2. Polar Bear
Polar bears are classified as marine mammals because they spend most of their lives on the ocean ice of the Arctic Ocean. they need a thick layer of body fat and a water-repellant coat that insulates them from the cold air and water. Considered talented swimmers, they will sustain a pace of six miles per hour by paddling with their front paws and holding their hind legs flat sort of a rudder.
Polar bears spend over 50% of their time looking for food. An ice bear might catch just one or two out of ten seals it hunts, counting on the time of year and other variables. Their diet mainly consists of ringed and bearded seals because they have large amounts of fat to survive.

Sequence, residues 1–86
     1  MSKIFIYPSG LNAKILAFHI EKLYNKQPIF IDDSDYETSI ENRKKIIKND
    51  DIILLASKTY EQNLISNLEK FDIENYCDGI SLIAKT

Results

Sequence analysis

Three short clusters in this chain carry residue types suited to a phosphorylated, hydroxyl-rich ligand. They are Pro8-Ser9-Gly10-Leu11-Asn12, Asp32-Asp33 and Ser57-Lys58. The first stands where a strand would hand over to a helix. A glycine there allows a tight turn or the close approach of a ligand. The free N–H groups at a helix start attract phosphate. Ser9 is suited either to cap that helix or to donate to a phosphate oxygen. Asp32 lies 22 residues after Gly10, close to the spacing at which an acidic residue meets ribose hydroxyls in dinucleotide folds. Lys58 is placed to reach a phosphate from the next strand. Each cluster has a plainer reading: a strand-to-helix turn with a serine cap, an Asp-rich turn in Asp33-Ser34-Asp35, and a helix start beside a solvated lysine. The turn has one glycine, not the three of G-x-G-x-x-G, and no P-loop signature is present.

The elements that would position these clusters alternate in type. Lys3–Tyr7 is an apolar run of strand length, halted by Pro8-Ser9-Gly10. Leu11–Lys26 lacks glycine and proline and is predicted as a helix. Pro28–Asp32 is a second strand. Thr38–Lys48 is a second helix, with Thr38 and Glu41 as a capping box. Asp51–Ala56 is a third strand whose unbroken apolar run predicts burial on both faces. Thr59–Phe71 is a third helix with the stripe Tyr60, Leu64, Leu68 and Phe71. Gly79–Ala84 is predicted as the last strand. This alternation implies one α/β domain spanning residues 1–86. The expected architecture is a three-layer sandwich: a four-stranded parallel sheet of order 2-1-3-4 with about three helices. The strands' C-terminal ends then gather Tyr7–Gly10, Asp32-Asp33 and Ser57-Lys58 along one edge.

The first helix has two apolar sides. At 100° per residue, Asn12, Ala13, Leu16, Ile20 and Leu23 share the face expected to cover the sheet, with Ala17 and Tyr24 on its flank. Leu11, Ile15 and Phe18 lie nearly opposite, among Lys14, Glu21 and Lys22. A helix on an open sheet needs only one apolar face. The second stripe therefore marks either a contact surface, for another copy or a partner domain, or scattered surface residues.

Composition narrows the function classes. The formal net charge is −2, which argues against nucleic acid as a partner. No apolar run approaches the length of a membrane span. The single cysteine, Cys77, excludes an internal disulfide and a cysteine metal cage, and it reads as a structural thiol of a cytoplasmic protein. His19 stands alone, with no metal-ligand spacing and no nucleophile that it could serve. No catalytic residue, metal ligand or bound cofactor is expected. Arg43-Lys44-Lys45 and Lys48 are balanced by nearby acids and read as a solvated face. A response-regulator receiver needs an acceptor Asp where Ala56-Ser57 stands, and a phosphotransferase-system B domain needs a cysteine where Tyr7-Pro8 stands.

Scientists have divided the entire ice bear population into 19 units or subpopulations. Of those, the newest data from the IUCN ice bear Specialist Group show that one subpopulation is in decline (Southern Beaufort Sea) which there’s a high estimated risk of future decline thanks to global climate change and data deficiency.
Because of the ongoing and potential loss of their sea ice habitat resulting from global climate change, polar bears were listed as a threatened species within the US under the species Act in May 2008.